Another classic Rhone GSM (60/20/20%). The nose showed some savory characteristics, with a faint whiff of Anise. The palate showed typical fruit profile, with plenty of blackcurrant. The finish lingered and chewy, grippy tannins stayed in the mouth. This is a 10 year cellaring proposition and at $33, to me, is a bargain. I was fortunate enough to take the remnants of the bottle home to share with the wife the following day; it was even better then, the aromas had integrated further, showing balance and structure - giving hints of its cellaribility.
2008 Domaine Vincent Paris Saint Joseph
This was the star of the night. Despite being a Northern Rhone Shiraz, it was almost Burgundian in its aroma profile. In the mouth, gentle tannins were present, with a beautiful lingering finish.
Only 200 cases made, this another wine for the cellar. It can be consumed young, but is nigh on essential to decant to appreciate it. A snip at $40.
I consider myself very fortunate to have been invited to this event. The host was Richard Gardiner. Richard is a friend of the importers, but is also well known in Brisbane for running the blog Food Bling - a down to earth, unpretentious look at Brisbane growing food scene.
On the wines, again I was very impressed at the quality available at the price points. One of the other attendees, Lincoln Scott of grapescott, stated this was as they were coming direct, not via negociants. The wines are a very good introduction to France, either now, or even better as cellarworthy propositions.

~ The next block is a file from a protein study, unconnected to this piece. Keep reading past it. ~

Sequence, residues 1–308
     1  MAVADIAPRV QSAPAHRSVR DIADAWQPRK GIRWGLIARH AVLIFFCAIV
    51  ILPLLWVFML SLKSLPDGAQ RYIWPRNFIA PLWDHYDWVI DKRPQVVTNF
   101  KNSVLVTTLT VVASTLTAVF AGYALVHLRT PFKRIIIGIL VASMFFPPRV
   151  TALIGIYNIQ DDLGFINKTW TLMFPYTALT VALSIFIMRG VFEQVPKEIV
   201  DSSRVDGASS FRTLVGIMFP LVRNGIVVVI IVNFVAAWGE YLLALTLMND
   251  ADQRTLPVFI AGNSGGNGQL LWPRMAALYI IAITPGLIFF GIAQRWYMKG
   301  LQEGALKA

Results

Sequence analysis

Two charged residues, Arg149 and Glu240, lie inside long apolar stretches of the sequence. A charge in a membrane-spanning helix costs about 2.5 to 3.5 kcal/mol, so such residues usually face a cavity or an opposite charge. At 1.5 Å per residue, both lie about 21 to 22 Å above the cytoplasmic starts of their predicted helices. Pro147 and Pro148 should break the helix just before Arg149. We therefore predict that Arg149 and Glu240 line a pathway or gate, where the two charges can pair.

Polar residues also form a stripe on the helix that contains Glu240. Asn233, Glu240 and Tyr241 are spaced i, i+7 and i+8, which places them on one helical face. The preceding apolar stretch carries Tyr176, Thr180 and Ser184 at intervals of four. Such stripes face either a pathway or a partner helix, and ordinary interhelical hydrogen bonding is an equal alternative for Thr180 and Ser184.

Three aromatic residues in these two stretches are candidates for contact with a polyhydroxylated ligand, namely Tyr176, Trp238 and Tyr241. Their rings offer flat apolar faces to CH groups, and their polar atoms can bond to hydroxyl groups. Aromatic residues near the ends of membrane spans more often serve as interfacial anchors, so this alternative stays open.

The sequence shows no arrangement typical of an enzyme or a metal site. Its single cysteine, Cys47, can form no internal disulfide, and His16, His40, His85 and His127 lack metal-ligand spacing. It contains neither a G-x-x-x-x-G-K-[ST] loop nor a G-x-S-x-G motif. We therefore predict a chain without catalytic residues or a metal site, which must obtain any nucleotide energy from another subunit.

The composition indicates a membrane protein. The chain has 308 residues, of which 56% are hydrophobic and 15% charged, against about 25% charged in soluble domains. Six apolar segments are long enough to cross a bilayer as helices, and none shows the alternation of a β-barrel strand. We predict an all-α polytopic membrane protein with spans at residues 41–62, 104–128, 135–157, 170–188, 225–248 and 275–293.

Friday, 3 September 2010
To me Twitter has been a fantastic way of hooking into the Australian wine community, enabling me to connect with local scribes, wineries and distributors.
It was through said medium that I learn that renowned McLaren Vale producer Samuel's Gorge is coming to Brisbane on the 9th September to conduct a public tasting at the Grand Central Hotel on Ann Street - immediately in front of Central Station.
There appears to be little in the way of official information on either the winery or venue websites.
My sole introduction to Samuel's Gorge was at the BYO Favs and Pizza Dinner (see post of the same name). However, suffice to say my recollections of that wine are such that this tasting is a must-attend event for me.
Thursday, 2 September 2010
My good wife sneakily arranged to take me to dinner recently, even going as far as to deceive me by arrange for some friends to look after our daughter.
I'm not complaining mind. The destination was a local restaurant where we have eaten on a few occasions previous: Two Small Rooms.
As ever, the food was sublime. Good quality fare, probably best placed in the 'bistro' category. Its name gives you an indication of its size - it is two small rooms: well staffed, a good seasonal menu with quality ingredients, a decent wine list featuring imports and Australian wines - plus you can BYO.
Our meal was wonderful, I'm not going to wax lyrical over it, it was an occasion shared with my wife.
What I do want to share is a couple of dessert wines that were available by the glass.
2003 Grande Maison Cuvee du Chateau Monbazillac
A delightful honeyed, candied fruit sweetie with a pale golden colour; the familiar unctuous presence in the glass. Paired wonderfully with a Bitter Chocolate Tart, Yogurt Gelato and Pistachio Nuts.
2006 Passito di Pantelleria Pellegrino Sicily
Made by the Pellegrino of San Pellegrino fancy water fame, and made from (IIRC) drying out and then vinifying Sicilian Zibibbo Muscat grapes. A delightful pale colour, none of the overt sweetness of Moscato that I have tasted previously, orange blossom and apricot present on the palette.